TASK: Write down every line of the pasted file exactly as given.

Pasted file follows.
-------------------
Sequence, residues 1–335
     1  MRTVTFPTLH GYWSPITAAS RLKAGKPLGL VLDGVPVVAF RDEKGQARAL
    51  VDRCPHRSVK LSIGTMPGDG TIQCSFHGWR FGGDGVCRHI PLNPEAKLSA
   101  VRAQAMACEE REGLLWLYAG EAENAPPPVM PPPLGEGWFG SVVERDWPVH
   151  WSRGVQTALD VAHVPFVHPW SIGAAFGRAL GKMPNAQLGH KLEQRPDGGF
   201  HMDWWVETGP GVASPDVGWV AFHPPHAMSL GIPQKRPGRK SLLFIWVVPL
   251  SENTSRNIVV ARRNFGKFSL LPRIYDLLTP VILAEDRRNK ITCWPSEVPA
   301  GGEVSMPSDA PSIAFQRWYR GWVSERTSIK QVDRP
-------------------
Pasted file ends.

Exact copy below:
Sequence, residues 1–335
     1  MRTVTFPTLH GYWSPITAAS RLKAGKPLGL VLDGVPVVAF RDEKGQARAL
    51  VDRCPHRSVK LSIGTMPGDG TIQCSFHGWR FGGDGVCRHI PLNPEAKLSA
   101  VRAQAMACEE REGLLWLYAG EAENAPPPVM PPPLGEGWFG SVVERDWPVH
   151  WSRGVQTALD VAHVPFVHPW SIGAAFGRAL GKMPNAQLGH KLEQRPDGGF
   201  HMDWWVETGP GVASPDVGWV AFHPPHAMSL GIPQKRPGRK SLLFIWVVPL
   251  SENTSRNIVV ARRNFGKFSL LPRIYDLLTP VILAEDRRNK ITCWPSEVPA
   301  GGEVSMPSDA PSIAFQRWYR GWVSERTSIK QVDRP